Edward Snowden: Hero or traitor?

     Edward Snowden, who worked as a contract employee at the National Security Agency, in Hong Kong. (AP Photo/The Guardian)

    Edward Snowden, who worked as a contract employee at the National Security Agency, in Hong Kong. (AP Photo/The Guardian)

    So what do we think of Edward Snowden, the young computer whiz who blew the lid off the National Security Agency’s domestic surveillance?

    Yesterday morning he was anonymous; this morning he has global fame, he is already being lionized and demonized, and the Hollywood suits are probably debating whether the Snowden biopic should star Topher Grace or Shia LaBeouf. Yes, this script writes itself – David assails Goliath and blows his own cover so that he can tell the world about it: “I can’t in good conscience allow the U.S. government to destroy privacy, Internet freedom, and basic liberties for people around the world with this massive surveillance machine they’re secretly building.”

    Ah yes, conscience. Now we’re into Henry David Thoreau territory, circa 1846: “The only obligation which I have a right to assume is to do at any time what I think right.” Other whistle blowers, by dint of their actions, have essentially echoed Thoreau.

    Snowden, who looks like the guy you see in Starbucks nursing a latte and watching Phish concerts on YouTube, went public Sunday to explain his motives and enlist public support. He said that he leaked classified documents to The Guardian and The Washington Post because he wanted to blow up the “architecture of oppression,” because he wanted Americans to know that “the NSA specifically targets the communications of everyone. It ingests them by default,” and he’s willing to pay a heavy price. In his words, “I could not do this without accepting the risk of prison….I do not expect to see home again.”

    The U.S. government has indeed set the machinery in motion to extradict him from Hong Kong, where he has taken refuge, and critics are already heaping him with abuse. Powerline, the popular conservative website, calls him “a true believer of doubtful maturity sunk in his own weird grandiosity.” Max Boot, a prominent neoconservative commentator, calls him “ignorant and delusional…misguided and malevolent,” and concludes: “Far from striking a blow for personal liberty and freedom of expression, he is unwittingly helping the most illiberal individuals in the world – jihadist terrorists – to more effectively attack us.”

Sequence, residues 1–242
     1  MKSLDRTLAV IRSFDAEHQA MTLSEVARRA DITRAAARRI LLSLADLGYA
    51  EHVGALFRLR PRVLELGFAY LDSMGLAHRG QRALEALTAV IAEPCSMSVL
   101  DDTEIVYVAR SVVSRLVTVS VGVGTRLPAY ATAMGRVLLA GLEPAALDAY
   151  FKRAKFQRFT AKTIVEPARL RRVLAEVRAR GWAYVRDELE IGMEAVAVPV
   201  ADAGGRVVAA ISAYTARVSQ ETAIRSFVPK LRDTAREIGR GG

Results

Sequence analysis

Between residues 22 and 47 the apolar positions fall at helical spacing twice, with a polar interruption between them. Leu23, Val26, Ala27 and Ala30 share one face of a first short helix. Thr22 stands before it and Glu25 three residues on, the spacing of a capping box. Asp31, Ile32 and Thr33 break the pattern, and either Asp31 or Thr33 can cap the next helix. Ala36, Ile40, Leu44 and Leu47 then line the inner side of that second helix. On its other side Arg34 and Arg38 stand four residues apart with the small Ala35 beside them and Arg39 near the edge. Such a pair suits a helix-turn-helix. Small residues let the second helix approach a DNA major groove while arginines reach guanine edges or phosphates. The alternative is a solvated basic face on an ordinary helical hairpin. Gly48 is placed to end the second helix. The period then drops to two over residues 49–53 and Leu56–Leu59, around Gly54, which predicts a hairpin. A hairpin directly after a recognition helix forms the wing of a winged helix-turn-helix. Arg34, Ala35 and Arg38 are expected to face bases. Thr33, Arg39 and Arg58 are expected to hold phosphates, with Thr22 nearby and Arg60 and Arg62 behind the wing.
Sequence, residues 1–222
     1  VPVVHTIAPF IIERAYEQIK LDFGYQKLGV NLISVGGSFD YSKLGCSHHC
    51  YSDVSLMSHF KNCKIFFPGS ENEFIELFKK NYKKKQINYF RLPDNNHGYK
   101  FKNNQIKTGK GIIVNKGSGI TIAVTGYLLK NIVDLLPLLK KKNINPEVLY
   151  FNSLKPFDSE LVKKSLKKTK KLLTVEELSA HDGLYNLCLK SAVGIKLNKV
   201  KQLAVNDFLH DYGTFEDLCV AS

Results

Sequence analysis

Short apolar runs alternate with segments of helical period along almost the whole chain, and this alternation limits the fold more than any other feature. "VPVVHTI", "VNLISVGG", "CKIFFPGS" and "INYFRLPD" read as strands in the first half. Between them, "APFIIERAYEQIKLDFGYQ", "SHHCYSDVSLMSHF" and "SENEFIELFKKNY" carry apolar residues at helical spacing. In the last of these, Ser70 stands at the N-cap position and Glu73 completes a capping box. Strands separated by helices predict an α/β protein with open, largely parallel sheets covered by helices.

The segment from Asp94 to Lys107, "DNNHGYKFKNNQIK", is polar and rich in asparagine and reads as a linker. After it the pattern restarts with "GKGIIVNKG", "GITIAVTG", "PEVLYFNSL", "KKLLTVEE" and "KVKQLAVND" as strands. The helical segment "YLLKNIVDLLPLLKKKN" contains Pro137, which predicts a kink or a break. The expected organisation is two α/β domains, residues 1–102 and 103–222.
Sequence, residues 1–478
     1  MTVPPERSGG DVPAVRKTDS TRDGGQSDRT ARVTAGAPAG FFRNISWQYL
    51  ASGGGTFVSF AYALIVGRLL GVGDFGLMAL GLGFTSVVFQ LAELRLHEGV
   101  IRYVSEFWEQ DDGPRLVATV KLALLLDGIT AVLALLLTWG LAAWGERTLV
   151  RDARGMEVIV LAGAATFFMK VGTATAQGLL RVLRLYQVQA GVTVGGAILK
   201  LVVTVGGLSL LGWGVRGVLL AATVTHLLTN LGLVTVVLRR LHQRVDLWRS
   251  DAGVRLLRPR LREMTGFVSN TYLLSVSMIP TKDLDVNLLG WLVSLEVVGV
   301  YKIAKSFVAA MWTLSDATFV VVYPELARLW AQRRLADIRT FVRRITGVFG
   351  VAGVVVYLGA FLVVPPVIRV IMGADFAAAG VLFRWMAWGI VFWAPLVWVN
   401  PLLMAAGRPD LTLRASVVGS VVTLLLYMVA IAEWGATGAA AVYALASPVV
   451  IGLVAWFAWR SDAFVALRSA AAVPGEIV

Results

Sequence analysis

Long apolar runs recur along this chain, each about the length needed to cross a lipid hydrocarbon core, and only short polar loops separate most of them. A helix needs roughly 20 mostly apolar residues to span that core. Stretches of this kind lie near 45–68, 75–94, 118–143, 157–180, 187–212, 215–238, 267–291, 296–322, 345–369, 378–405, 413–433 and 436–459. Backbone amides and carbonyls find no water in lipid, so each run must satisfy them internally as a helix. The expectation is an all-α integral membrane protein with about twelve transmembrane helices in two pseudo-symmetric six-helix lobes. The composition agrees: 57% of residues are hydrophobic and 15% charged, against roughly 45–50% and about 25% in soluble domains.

Still, it takes serious cajones to spurn a $200,000-a-year job with a billion-dollar private contractor – as well as a girlfriend, family, and a comfy life in Hawaii – to put your freedom and future on the line solely for the sake of righting a perceived wrong. Maybe that’s delusional, but it also fits the standard definition of hero. He’s saying things about technology and government that very few people have been willing to acknowledge:

    “It’s getting to the point (with government surveillance), you don’t have to have done anything wrong. You simply have to eventually fall under suspicion from somebody, even by a wrong (phone) call, and then they could use this system to go back in time and scrutinize every decision you’ve ever made, every friend you’ve ever discussed something with, and attack you on that basis, to sort of derive suspicion from an innocent life and paint anyone in the context of wrongdoer.”

    I’m not suggesting that Snowden is a saint, or that his thinking is flawless. It’s a tad weird, for instance, that he has fled to a city that’s part of China. Yeah, the American surveillance program is highly disturbing for the reasons he articulates, but, come on dude, China is way worse. The communist government orchestrates the press, tracks its citizens far more intrusively (especially on the Internet), and doesn’t codify (or even grasp) the concept of free speech.

    And when Snowden seemingly minimizes the terrorist threat by saying, “There has always been terrorism,” I am tempted to retort with the observation that, yes, there has always been terrorism – like the deadly 1920 bombing of Wall Street – but today’s terrorists have modes of comunications and potential mass weaponry that their predecessors never dreamed of. Heck, those two misfits in Boston wreaked havoc with junk weapons that were built via Internet instruction.

    But Snowden has precipitated a long-overdue debate about the proper balance between liberty and security. Somebody had to do it. That debate should’ve taken place in 2001, when the USA Patriot Act was rushed into law, but (as I detailed here last Friday), Congress went belly up. The seeds of the contemporary surveillance state were sown back then, and ever since, through two presidencies, the government has expanded its reach in secret, preferring that Americans not know what was being done in their name. Even if it required lying.

    Case in point, US. intelligence chief James Clapper’s Senate testimony on March 12.

    Democratic Sen. Ron Wyden asked him a direct question: “Does the NSA collect any type of data at all on millions or hundreds of millions of Americans?” (italics mine)

    Clapper: “No, sir.”

    Wyden: “It does not?”

    Clapper: “”Not wittingly.”

    At least Snowden chose candor; in his words, “these things have to be decided by the public, not someone who is hired by the government.” He might well be jailed for his act of idealism – the government probably has to prosecute, if only to deter others from breaching security – but he has struck a blow for checks and balances.

    James Madison famously wrote, “If angels were to govern men, neither external nor internal controls on government would be necessary.” In lieu of angels, it’s up to us.

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    Follow me on Twitter, @dickpolman1

     

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